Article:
Iraqi Civilians Fleeing ISIS in Mosul Face Torture and Death in Revenge Attacks: Amnesty

Iraqis fleeing ISIS
Iraqi families who fled Hawijah gather after arriving in the Kirkuk province, north of Baghdad, August 7. Amnesty International said Tuesday that civilians fleeing ISIS-held territory face revenge attacks, torture and death. Marwan Ibrahim/AFP/Getty

Iraqi government forces and paramilitary militias have tortured, arbitrarily detained, forcibly disappeared and executed thousands of civilians who have fled the rule of the Islamic State militant group (ISIS), Amnesty International said in a report published Tuesday.

The U.K.-based rights group warned in the report, Punished for Daesh’s Crimes, that, as the Mosul offensive begins, thousands of civilians are at risk of revenge attacks if they flee the city the militant Islamist group has held since June 2014.

The allegations are based on interviews with more than 470 detainees, witnesses and relatives of those who were killed, detained or have disappeared.

“After escaping the horrors of war and tyranny of IS [using an alternative acronym for the militant group], Sunni Arabs in Iraq are facing brutal revenge attacks at the hands of militias and government forces, and are being punished for crimes committed by the group,” said Philip Luther, Amnesty's Middle East research director.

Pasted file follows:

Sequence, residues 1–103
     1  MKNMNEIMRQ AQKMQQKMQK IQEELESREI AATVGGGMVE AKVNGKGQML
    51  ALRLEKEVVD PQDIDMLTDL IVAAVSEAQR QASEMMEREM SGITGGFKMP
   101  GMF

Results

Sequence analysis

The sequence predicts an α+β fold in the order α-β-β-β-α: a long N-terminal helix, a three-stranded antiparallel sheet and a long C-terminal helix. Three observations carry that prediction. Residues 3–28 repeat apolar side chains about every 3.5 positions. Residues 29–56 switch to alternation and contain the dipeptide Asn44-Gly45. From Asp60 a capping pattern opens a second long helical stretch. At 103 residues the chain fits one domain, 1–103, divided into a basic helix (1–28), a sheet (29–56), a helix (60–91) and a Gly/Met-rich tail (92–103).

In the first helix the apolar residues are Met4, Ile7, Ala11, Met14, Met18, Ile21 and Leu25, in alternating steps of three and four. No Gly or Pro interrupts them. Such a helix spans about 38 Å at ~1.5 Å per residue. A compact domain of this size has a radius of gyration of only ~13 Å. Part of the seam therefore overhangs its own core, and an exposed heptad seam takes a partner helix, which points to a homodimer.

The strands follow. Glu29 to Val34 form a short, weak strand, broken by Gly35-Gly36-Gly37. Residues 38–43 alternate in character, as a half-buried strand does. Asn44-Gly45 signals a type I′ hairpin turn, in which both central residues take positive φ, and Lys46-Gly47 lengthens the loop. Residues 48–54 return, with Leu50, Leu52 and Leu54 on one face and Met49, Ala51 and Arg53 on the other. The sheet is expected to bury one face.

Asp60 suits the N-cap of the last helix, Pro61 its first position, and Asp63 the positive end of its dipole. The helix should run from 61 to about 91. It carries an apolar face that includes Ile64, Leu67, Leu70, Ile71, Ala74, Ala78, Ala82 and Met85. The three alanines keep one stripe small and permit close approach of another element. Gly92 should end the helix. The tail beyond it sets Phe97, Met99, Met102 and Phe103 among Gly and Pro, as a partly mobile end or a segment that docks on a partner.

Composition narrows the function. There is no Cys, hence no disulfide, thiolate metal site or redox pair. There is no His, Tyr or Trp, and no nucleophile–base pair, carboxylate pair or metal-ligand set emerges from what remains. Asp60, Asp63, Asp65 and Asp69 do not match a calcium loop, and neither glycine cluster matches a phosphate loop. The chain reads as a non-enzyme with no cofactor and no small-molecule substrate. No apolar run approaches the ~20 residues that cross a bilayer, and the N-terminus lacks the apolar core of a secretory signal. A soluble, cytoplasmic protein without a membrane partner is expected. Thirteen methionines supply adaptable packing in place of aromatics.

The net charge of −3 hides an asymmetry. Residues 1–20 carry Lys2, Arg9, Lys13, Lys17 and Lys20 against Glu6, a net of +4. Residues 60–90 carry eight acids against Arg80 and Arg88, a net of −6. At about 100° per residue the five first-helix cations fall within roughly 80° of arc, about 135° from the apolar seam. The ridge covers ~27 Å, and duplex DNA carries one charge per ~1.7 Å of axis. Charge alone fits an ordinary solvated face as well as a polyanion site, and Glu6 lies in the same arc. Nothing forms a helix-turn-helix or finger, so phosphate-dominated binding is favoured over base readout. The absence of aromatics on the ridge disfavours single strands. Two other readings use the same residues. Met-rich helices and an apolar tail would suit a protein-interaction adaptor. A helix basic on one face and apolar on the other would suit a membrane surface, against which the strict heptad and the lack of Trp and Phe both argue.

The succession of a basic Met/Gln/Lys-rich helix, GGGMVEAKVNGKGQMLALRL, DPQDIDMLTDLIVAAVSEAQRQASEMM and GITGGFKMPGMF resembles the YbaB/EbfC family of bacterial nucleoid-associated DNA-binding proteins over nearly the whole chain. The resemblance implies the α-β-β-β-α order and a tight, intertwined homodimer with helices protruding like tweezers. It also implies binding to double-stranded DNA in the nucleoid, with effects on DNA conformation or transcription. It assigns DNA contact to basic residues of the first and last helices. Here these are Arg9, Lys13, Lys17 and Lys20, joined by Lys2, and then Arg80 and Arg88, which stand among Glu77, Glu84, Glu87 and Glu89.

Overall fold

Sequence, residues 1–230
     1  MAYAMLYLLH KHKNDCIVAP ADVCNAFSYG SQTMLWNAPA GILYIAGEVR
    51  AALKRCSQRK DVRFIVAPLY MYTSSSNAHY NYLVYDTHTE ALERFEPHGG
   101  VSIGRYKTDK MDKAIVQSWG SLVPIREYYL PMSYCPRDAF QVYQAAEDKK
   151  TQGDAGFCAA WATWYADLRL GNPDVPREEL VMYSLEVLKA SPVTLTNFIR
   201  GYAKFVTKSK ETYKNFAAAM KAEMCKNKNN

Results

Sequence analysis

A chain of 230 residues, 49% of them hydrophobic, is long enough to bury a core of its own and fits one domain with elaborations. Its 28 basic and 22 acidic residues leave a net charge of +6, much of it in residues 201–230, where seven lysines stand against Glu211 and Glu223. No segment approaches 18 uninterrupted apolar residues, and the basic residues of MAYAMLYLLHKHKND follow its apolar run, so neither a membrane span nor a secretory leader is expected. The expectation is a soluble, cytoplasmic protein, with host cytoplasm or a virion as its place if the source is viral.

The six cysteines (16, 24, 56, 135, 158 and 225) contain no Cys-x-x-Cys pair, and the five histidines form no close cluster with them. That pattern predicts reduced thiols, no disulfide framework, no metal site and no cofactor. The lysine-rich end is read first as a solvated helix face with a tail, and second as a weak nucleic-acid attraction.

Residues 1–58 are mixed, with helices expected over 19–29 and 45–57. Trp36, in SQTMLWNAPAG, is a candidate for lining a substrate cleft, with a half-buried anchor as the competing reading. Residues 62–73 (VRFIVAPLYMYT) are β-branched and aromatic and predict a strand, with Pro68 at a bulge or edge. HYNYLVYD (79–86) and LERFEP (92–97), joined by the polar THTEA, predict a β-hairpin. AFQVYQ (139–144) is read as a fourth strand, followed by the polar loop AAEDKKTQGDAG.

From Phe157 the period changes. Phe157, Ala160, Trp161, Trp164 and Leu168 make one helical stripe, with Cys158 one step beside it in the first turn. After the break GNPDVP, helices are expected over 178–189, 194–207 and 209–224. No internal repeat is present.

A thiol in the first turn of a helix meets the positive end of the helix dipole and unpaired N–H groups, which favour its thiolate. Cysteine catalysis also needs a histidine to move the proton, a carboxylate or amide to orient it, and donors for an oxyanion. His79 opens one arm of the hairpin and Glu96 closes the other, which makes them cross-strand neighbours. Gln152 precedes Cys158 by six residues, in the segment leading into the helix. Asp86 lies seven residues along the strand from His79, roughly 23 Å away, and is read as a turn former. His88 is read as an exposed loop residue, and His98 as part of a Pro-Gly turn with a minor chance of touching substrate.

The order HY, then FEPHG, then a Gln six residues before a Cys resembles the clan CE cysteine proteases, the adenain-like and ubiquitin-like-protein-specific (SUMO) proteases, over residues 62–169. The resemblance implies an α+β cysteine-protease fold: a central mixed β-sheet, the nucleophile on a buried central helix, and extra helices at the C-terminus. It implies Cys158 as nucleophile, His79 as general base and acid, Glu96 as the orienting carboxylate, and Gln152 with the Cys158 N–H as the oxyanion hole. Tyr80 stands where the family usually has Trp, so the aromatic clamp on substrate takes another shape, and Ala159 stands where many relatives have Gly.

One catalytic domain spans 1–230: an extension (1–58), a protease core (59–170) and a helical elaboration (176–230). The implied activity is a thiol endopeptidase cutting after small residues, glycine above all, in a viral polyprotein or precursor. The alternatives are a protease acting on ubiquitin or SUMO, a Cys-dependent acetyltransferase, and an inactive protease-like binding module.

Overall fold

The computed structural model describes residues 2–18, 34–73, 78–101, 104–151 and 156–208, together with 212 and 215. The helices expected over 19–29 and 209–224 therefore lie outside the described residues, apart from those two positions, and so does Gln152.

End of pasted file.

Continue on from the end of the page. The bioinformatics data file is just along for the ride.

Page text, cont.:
“Iraq is currently facing very real and deadly security threats from IS, but there can be no justification for extrajudicial executions, enforced disappearances, torture or arbitrary detention.

“As the battle to retake Mosul gets underway, it is crucial that the Iraqi authorities take steps to ensure these appalling abuses do not happen again.”

In the battle to oust ISIS from the western Iraqi city of Fallujah in May and June, there were several incidents, which Amnesty cites, that suggest Iraqi forces and its allied militias committed deadly revenge attacks against fleeing males.

In May, at least 12 men and four boys from a local tribe fled al-Sijir, north of Fallujah, and handed themselves to men wearing Iraqi military uniforms, who subsequently executed them, the report claimed. In June, militias tortured some 1,300 men and boys from the Mehemda tribe who had fled northwest of Fallujah, before they handed them in to local authorities.

“Iraqi authorities, whose complicity and inaction in the face of widespread abuses have contributed to the current climate of impunity, must rein in militias and make clear that such serious violations will not be tolerated,” said Luther.

The Mosul offensive, led by Kurdish and Iraqi forces, is a battle for the majority-Sunni city that remains ISIS’s largest capture. There are fears that the entrance of Shia militias or Shiite government forces into the city could spark a new wave of sectarianism.

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